Along with the supportive two-piece bucket seats and racy red and black trim, these features add a focused feel to the cabin, but the equipment spec looks a little miserly compared to its rivals. You do get keyless go, cruise control, Bluetooth, a rear parking camera, stop/start and LED headlights as standard, but – crucially – sat-nav is extra. For this you’ll have to pay £2,300 more and upgrade to the GT pack, which also adds parking sensors all round, dual-zone climate control and a host of extra safety systems. This takes the price to £32,295.
The plastics are still hard and unforgiving in places, and although it’s extremely roomy inside, it’s nowhere near as slick as the Volkswagen Golf R’s classy cabin.
Still, praise should go to Honda for being bold enough to design a car that looks like this.
Practicality, comfort and boot space
One of the standard Honda Civic’s major strong points is its practicality, and although it’s a much more focused car, the Type R retains this trait. The Magic Seats from the standard Civic aren’t carried over here, so you can’t fold the rear seat bases up to add extra load space behind the front seats, but the standard split-folding rear bench folds down in one smooth, easy motion to give a fully flat load floor.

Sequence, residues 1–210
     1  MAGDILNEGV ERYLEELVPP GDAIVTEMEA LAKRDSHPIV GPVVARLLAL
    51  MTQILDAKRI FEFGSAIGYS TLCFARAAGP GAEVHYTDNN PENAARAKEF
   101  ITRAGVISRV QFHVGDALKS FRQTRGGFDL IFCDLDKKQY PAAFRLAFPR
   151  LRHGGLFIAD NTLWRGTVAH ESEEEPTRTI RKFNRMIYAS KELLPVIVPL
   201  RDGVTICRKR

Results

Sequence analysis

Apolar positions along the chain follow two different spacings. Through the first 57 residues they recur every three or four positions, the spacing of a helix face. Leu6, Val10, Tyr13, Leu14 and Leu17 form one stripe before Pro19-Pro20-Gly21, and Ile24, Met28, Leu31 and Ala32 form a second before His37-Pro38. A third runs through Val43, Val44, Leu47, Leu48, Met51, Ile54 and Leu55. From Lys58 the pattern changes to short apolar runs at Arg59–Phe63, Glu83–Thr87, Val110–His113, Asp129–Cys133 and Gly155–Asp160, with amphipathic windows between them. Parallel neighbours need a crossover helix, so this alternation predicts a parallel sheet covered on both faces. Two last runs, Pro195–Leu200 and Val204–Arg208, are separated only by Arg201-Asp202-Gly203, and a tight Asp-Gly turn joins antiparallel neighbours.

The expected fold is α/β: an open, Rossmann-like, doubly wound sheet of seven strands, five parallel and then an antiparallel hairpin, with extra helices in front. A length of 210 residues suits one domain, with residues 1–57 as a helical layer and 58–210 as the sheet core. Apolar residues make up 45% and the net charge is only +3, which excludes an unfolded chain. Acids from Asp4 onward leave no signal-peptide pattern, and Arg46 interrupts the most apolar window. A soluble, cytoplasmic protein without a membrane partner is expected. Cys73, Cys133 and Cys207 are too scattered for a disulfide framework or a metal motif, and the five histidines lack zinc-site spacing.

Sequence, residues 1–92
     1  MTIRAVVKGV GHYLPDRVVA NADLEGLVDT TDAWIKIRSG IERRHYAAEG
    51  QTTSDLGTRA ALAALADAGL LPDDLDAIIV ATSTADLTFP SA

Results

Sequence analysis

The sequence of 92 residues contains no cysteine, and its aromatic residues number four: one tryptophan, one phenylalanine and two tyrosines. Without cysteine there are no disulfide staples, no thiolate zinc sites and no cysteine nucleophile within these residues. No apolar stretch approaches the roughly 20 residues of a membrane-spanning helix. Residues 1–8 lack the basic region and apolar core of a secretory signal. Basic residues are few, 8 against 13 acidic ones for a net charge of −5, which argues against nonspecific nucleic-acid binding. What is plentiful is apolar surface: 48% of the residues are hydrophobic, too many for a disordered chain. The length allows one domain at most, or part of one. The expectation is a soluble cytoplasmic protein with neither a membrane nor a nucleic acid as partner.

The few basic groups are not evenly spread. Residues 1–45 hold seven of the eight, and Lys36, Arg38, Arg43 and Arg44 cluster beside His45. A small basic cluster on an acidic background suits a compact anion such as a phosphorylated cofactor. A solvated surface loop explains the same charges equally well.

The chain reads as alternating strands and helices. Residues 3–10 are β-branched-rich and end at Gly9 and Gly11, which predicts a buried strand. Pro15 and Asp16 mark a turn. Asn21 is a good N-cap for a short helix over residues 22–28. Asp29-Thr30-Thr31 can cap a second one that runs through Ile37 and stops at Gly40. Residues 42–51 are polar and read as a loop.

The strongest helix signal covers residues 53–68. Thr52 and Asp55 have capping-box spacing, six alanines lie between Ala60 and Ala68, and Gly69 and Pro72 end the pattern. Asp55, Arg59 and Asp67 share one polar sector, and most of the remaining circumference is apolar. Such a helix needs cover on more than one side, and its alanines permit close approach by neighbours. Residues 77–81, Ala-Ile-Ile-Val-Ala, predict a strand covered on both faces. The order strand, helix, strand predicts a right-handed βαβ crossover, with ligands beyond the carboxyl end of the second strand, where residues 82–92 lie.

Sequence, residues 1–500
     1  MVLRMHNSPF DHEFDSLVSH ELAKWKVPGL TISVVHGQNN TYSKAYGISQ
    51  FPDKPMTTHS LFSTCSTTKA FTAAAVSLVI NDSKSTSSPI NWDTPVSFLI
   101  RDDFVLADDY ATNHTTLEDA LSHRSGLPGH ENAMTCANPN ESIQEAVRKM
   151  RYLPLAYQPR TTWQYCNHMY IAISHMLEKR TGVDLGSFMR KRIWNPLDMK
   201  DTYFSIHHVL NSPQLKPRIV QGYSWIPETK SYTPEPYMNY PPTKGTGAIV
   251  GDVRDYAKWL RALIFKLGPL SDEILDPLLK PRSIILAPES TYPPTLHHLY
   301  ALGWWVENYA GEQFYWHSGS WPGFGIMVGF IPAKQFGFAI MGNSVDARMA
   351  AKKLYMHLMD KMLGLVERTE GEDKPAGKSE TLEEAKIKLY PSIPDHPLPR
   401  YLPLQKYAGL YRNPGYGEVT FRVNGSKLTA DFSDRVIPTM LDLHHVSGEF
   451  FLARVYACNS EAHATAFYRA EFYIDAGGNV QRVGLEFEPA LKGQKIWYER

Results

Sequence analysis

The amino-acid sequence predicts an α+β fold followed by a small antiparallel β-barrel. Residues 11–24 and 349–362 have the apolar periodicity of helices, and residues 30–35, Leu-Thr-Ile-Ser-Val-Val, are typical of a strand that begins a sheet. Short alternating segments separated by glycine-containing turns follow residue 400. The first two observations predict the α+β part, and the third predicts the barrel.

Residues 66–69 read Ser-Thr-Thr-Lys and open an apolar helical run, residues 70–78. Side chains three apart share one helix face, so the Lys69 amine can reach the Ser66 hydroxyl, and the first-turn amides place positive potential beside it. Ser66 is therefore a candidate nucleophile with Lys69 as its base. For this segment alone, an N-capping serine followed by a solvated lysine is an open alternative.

Given how much performance there is on offer, it’s amazingly practical with 498 litres of boot space on offer. Fold those rear seats down and this rises to 1,427 litres, while the opening and load bay are both a good shape.
Although there are plenty of sporty touches inside, they don’t affect practicality too much. The front seats are deeper, so there’s marginally less legroom for rear seat passengers, but it’s still very spacious.
Storage is good, too, with decent sized door bins, a coin tray behind the gear lever, a large central cubbyhole and a roomy glovebox.
Reliability and Safety
Honda slipped further down the rankings in our 2016 Driver Power driver satisfaction survey to 20th overall. However, for reliability alone, it faired much better, taking fifth place behind Toyota, Dacia, Lexus and Tesla.
Although much of the Civic’s running gear has changed for the Type R, the Honda’s electronics are mostly unchanged, so it should prove dependable here. The current Honda Civic was voted the 40th best car to live with out of our top 200 in 2016's Driver Power survey.
The last time the Honda Civic was crash tested was back in 2012. Euro NCAP awarded the Civic a full five-star rating, and as the facelifted car packs even more safety tech, the Type R should be just as robust in a crash, and have more features to try and avoid one.